Cheonnyeon Daero

Korean Derby D-4: All The Winners So Far

Gyeongbudaero Bidding To Become 15th Winner Of Korea Classic

The Korean Derby, which will be run at Seoul Race Park this coming Sunday is a relatively recent addition to the Korean racing year. Except for an enforced stoppage during the Korean War, racing has been running on the peninsula continuously since the 1920’s but while those early years saw horses racing each other, it wasn’t exactly the kind of horseracing we’re familiar with today. Many horses weren’t even thoroughbred and there was little point in having a Derby for three-year olds.

Gwangyajeil in the Korean Derby Winner’s Circle. His owner and breeder, the late Im Sang Yun (left) also bred Triple Crown winner J.S.Hold

The establishment of a domestic thoroughbred breeding industry and the introduction of the private ownership of race-horses – and therefore prize money – led to the creation of big Stakes races in the late 1980’s and early 1990s, Finally in 1998, the Derby was run for the first time. In 2007, the Korean Triple Crown Series with inaugurated with the Ttukseom Cup, Derby and Minister’s Cup making up the three Classic races. Indeed, in that first year, J.S. Hold took the lot. The following year, the KRA Cup Mile at Busan replaced the Ttukseom Cup as the first jewel in the crown and, while Sangseung Ilro won the first two legs in 2009, no horse has since swept all three.

In the fourteen editions run so far, nine colts and five fillies have taken the prize which for its first three years was run over just seven furlongs before moving up to its current nine in 2001. When the first crop of foals to be sent to race exclusively at Busan reached three-years of age in 2008, the Derby – and other major Stakes races – became open to horses from both Seoul and Busan. Since then, raiders from the South have won three out of four times and in Gyeongbudaero, have the favourite for this year’s edition.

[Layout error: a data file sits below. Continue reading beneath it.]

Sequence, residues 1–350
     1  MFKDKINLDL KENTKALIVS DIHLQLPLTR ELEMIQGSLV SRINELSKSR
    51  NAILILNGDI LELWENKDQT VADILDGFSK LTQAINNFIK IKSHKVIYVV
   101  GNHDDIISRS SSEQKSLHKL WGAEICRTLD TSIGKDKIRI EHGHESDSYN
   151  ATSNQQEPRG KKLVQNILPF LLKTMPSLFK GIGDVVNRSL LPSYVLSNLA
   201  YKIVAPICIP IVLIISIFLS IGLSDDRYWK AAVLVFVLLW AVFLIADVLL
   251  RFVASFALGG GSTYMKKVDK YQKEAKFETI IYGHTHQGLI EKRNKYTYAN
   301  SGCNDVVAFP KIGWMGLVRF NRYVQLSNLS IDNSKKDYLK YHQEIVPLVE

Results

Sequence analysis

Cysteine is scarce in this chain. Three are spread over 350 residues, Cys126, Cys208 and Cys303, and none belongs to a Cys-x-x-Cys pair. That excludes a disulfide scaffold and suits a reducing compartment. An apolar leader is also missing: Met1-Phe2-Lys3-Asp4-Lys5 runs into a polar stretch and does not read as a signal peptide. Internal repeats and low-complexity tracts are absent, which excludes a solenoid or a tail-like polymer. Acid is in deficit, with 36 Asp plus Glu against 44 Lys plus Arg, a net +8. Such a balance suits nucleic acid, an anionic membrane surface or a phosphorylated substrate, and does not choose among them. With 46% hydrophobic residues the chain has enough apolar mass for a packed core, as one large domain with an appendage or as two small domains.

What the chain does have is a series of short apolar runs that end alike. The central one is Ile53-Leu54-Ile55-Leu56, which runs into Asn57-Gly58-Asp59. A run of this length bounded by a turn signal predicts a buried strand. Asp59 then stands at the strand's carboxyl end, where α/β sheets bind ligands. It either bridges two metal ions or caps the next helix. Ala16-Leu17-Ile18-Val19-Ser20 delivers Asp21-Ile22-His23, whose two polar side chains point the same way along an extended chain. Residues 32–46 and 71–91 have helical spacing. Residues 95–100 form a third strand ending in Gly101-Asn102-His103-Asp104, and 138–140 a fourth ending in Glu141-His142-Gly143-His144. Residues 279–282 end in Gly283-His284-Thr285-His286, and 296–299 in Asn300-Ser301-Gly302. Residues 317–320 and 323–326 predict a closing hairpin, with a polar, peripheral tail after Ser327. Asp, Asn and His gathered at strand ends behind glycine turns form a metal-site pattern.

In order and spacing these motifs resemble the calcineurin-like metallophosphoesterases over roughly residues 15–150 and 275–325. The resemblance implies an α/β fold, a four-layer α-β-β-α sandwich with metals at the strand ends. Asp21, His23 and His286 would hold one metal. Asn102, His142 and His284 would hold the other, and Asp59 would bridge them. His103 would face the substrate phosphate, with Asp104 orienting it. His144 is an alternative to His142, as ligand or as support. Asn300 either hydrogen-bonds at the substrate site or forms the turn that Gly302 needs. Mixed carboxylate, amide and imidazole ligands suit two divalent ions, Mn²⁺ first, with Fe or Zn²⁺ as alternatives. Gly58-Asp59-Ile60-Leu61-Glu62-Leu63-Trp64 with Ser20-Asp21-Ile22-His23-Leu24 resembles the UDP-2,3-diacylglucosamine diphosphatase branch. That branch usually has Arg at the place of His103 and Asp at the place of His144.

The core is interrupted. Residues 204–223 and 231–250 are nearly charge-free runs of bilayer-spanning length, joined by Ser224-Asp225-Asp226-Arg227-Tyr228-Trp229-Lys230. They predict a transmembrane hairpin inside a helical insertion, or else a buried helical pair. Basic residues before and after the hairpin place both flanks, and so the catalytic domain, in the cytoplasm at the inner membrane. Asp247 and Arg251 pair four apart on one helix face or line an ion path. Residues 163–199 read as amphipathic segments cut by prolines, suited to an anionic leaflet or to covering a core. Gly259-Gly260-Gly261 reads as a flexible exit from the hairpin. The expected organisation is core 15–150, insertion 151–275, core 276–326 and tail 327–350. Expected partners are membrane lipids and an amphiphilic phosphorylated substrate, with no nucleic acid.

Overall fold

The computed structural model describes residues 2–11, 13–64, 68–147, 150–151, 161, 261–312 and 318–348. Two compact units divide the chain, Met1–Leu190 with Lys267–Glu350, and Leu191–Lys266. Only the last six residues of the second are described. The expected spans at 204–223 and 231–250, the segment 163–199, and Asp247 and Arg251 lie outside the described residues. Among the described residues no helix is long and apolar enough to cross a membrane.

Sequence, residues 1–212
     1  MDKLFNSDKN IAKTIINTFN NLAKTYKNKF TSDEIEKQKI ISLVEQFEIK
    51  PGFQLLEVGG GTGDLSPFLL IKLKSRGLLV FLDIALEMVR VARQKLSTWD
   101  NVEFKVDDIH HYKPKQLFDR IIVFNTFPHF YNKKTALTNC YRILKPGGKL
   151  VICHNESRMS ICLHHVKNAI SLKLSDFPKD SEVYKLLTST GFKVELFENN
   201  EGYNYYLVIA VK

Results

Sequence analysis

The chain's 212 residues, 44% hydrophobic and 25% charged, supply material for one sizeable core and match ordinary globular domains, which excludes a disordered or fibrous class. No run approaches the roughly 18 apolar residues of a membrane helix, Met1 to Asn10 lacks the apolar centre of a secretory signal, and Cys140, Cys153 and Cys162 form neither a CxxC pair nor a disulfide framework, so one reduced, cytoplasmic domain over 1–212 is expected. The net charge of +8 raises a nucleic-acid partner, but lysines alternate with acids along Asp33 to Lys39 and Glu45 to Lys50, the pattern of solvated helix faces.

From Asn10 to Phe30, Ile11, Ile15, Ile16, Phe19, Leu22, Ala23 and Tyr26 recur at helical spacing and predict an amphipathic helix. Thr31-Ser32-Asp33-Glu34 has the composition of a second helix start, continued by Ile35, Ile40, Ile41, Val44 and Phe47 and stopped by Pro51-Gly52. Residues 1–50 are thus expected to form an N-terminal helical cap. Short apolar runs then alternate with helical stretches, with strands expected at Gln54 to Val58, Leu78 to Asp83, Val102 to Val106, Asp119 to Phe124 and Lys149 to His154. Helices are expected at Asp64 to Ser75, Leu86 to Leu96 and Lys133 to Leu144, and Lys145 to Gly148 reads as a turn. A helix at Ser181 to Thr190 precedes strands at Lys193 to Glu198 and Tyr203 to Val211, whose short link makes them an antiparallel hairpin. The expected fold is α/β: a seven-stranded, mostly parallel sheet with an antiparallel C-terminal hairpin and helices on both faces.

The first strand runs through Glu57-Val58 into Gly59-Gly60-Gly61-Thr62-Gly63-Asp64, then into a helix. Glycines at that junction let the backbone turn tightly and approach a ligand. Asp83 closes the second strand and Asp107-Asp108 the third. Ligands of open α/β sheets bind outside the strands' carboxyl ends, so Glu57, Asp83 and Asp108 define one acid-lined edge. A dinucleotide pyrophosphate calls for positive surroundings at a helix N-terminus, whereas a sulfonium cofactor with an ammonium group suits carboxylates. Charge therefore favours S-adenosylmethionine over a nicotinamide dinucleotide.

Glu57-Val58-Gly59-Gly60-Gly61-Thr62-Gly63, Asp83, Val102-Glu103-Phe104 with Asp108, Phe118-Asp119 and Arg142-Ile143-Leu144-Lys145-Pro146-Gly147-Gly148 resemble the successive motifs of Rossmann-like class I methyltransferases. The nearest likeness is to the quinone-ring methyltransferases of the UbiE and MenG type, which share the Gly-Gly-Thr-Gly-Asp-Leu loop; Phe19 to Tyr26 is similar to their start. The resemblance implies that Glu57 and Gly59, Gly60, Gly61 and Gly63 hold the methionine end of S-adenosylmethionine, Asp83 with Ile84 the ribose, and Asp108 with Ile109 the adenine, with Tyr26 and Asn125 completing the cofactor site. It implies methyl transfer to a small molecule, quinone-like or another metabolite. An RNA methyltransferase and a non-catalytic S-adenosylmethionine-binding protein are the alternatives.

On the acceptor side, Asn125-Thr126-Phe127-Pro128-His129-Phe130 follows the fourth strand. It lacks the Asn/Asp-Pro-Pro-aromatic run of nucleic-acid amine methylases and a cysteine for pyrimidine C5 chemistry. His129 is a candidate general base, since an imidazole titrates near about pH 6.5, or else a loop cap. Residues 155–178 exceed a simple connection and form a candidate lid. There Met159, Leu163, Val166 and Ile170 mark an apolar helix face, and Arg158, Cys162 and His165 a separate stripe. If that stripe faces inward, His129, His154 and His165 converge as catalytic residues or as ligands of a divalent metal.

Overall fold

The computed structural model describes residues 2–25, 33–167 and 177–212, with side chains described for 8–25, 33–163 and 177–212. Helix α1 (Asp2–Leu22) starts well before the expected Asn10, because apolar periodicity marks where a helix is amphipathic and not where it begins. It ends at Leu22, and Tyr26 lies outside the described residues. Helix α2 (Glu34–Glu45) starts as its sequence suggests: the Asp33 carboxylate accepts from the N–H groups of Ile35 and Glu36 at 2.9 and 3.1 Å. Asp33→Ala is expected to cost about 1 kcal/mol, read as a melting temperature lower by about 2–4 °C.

Here are all the winners with pedigree and jockey:

2011: Gwangyajeil [Vicar – Hurricane Havoc (Jade Robbery)] – Oh Kyoung Hoan – He skipped the KRA Cup Mile and went straight to the Derby. It paid off as he was an easy winner. Injury meant he only ran twice more and was retired to Stud at the end of his three-year old season. Bred by the late Im Sang Yun, who also bred J.S. Hold.

2010: Cheonnyeon Daero [Creek Cat – Doneitmyway (Northern Flagship)] – Park Geum Man – Money Car, winner of the KRA Cup Mile was sent off the favourite but got sucked into a speed duel with the sprinter Seonbongbulpae in the early stages. Still, the favourite had a considerable lead entering the final furlong. He was spent though, and Cheonnyeon Daero, a 30/1 shot, chased him down and caught him on the line. Money Car was never the same again and only ran once more. Cheonnyeon Daero went on to finish second in the Minister’s Cup – the final leg of the Triple Crown. A horse with a bad case of seond-itis – he finished 2nd 14 times during his career, he was retired in early 2012 and will go to Stud.